The “High Five”-ification Of Social Media, And How It Slowly Kills It

I’m sure there aren’t many of my readers who remember High Five. I’m not gonna lie, even for me it seems quite strange at times, but it was a real thing. The reason it’s difficult to remember it is because it happened long time ago, like more than 10 years (gosh, 10 years is a long time ago…). So chances are that you weren’t around to witness its rise and demise. But there might be also another reason, and that’s the visibility of other social media platforms, like Facebook, Twitter, Reddit (or, more recently, Instagram, Snapchat or TikTok).

High Five was a very strange place. It exploded very fast and then went down just as fast, if not faster. When it was clear that nobody will use it anymore, it became some sort of a joke, people started to use its name in a derogatory way. Like if you’re in still in High Five, you’re not only obsoleted, but not in tune with the very last trends. Oh, High Five, what a joke, nobody hangs around there anymore, it’s an empty shell…

If you would happen to visit that place just before they closed it for real, at the bottom of its fall, you would be simply baffled by the amount of stuff going on. There were tons of icons, an incredibly ugly and disfunctional UI, weird animations, you name it. You would have a really hard time understanding where’s the actual information. High Five was the mere definition of clutter.

But it was a clutter so specific, that I decided to call it “High-Five”-ification. It’s a type of clutter that will eventually engulf all social media platforms (or at least all social media platforms with a certain business model, more on that in a bit).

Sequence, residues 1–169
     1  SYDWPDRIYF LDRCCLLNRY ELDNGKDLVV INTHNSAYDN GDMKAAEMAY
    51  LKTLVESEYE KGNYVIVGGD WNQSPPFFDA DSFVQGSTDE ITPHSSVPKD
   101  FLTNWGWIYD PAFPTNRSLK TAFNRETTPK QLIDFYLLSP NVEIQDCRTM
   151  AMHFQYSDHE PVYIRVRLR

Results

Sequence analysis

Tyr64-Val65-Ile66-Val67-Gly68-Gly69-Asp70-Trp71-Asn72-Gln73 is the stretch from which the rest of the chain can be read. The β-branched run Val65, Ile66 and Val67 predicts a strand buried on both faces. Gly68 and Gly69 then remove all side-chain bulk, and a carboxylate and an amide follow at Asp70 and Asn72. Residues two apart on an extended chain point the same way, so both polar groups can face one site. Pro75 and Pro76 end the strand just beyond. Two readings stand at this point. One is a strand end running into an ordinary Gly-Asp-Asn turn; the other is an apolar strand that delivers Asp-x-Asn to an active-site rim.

You see, every piece of content on a High Five profile page had only one goal: harvesting attention. “Highfivers” were desperate to gather attention (just like todays influencers, only with less elegance) and they didn’t have the granularity of marketing tools that we have today. So they were literally throwing rocks, trying to catch flies. You would feel aggressed beyond ridiculous.

That’s happening today too, only they have more sophisticated marketing tools. They’re just targeting better, and drip the content in such a way that it doesn’t feel overwhelming. Yet. Because, like any other resource, the attention that they need to harvest is limited. It needs to be replenished, so they add more and more triggers to it. Even if they use these very subtle hooks, they will eventually reach a tipping point, from where it will be just like High Five.

And the main reason for that is the scarcity of attention. That, and the business model, namely advertising. All social media platforms based on advertising are functioning with attention. That’s their fuel. I find it almost ridiculous that, in terms of software, all social media platforms are really simple applications, their value comes from the number of people producing content. Without content or people, these platforms are just empty shells, they have absolutely zero value.

This attention that people contribute is sold to advertisers, and that’s how the circle gets closed. Until a certain point, this works relatively well, but, eventually, the attention pipe is clogged and you can’t really reach to the other side, no matter how much you spend. It’s becoming impossible to differentiate between relevant content and advertising, so people stop consuming that thing.